Second, Washington should not expect neat quid pro quo agreements on key issues. The Kremlin's zero-sum view of global geopolitics, coupled with the Russian elite's quiet aggrieved understanding of the country's real limitations, means that today's Russia is in a sense more interested in holding trump cards than in actually playing them. Nowhere is this more true than on Iran, where the Kremlin styles itself as the "gatekeeper" to resolution of the nuclear issue, but appears little inclined to push the gate. And so the Obama administration's move on missile defense -- which in fairness probably had much more to do with nerves in Tel Aviv than misgivings in Moscow -- was laudable but not because of any prospects on the Russian front.

But aside from careful treading on these grand issues, there are smaller opportunities. At the bilateral level, the West can focus on distinct issues of obvious mutual interest. Stabilizing Afghanistan is not only a top U.S. objective, but it is also critical for a Moscow that is historically paranoid about instability threats to Russia's "soft underbelly." Cooperation on civilian nuclear technology, and in particular opening U.S. markets for Russian nuclear fuel, is also gaining momentum that should not be squandered, not least because there are some oblique connections with the Iran issue. And on the strategic nuclear level, the mutual support shown by both Washington and Moscow for negotiation of a new START treaty reflects the importance that both capitals attach to this issue. Lastly, delineation of the Arctic Circle could emerge as an important area of mutual interest, not because of the natural resources there -- which won't be profitably recoverable for many decades -- but because of the potentially wildly lucrative new shipping routes along Russia's northern coast that are opening up as the polar ice recedes.

At a more strategic level, there are opportunities for the U.S. to harness its strong ties with Europe and its relatively positive relationship with Turkey to think more inclusively about how to craft an architecture of strategic and energy relations between Europe and Russia, particularly as new gas technologies provide the Europeans with increased leverage in what's been an oft-strained relationship.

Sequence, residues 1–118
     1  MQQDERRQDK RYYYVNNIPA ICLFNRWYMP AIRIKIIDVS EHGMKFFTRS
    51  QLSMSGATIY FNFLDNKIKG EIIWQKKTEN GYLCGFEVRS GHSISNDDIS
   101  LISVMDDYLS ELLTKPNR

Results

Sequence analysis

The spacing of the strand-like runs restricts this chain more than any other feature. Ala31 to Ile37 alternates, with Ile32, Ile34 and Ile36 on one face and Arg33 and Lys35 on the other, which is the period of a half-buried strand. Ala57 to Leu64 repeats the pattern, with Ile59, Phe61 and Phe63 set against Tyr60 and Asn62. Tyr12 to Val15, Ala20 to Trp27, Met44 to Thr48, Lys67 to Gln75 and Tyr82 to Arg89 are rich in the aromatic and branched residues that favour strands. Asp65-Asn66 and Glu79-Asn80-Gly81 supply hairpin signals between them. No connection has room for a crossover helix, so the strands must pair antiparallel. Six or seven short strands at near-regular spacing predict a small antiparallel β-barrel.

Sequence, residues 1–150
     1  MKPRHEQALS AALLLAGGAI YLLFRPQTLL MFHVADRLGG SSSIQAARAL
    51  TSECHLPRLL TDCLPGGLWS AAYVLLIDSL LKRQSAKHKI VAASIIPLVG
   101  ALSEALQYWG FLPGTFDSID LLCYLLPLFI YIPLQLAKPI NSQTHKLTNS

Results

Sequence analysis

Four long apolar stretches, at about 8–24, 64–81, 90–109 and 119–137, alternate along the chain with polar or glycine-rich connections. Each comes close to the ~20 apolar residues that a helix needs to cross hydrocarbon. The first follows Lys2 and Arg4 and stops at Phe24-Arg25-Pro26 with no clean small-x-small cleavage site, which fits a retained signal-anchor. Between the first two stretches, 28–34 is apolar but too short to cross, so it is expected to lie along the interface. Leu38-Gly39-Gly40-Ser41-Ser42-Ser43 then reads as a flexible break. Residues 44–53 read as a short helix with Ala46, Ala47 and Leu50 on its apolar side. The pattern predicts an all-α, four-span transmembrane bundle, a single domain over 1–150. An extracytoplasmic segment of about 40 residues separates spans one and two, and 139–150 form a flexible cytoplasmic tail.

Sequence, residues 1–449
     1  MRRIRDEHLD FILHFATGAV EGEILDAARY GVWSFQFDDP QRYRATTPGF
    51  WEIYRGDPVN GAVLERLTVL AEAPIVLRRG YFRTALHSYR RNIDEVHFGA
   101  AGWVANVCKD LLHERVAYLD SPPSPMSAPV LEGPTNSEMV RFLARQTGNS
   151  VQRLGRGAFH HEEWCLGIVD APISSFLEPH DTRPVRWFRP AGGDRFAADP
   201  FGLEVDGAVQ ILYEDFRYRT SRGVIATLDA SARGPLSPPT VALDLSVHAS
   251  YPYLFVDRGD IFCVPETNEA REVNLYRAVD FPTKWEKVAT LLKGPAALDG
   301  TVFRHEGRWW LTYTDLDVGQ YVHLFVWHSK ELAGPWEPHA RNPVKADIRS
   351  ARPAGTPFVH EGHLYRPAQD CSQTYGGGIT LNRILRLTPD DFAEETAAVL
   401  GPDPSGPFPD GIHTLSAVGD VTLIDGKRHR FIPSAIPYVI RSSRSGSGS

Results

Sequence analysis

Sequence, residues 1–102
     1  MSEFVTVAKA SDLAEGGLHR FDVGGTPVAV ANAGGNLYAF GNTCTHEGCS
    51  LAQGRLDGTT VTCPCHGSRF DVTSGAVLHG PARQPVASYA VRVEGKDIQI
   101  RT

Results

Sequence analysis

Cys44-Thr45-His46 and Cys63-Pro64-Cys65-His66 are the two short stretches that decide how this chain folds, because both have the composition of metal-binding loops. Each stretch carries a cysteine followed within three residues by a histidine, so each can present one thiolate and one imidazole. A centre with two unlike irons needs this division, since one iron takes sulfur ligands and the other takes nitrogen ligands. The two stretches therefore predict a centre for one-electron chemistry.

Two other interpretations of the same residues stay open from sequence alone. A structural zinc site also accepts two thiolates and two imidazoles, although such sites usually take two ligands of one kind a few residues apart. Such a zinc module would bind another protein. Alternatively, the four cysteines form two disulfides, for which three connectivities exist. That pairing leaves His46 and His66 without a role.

Lastly, part of the reason that the relationship between the U.S. and Russia has been so volatile politically is that it is tempered by very few economic or financial moorings of the kind that densely crosshatch Moscow's relations with Europe and East Asia. While the U.S. will never overtake these markets, globalization notwithstanding, geography still matters, and there is broad scope for increased investment and cooperation between Russia and U.S. business. In this connection, it is critical to point out that U.S. businesses are held back largely by justifiable concerns about the political risks of doing business in Russia.

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Looking back over the two decades that have passed since the Soviet empire shuddered, crumbled, and ultimately collapsed, it is tempting to view the trajectory of U.S.-Russian relations since then as a failure. And set against the understandably unrealistic expectations that arose in the early 1990s, it most certainly has been. But after two decades, perhaps there is still room for progress in a relationship that is less idealistic, more sober and, after 20 years of dashed hopes and missed opportunities, perhaps more limited in its aims.

Ian Bremmer is president of Eurasia Group, a political-risk consultancy. He is co-author, with Preston Keat, of the book "The Fat Tail: The Power of Political Knowledge in an Uncertain World." Alexander Kliment is a Eurasia analyst at Eurasia Group. They can be reached via e-mail at research@eurasiagroup.net.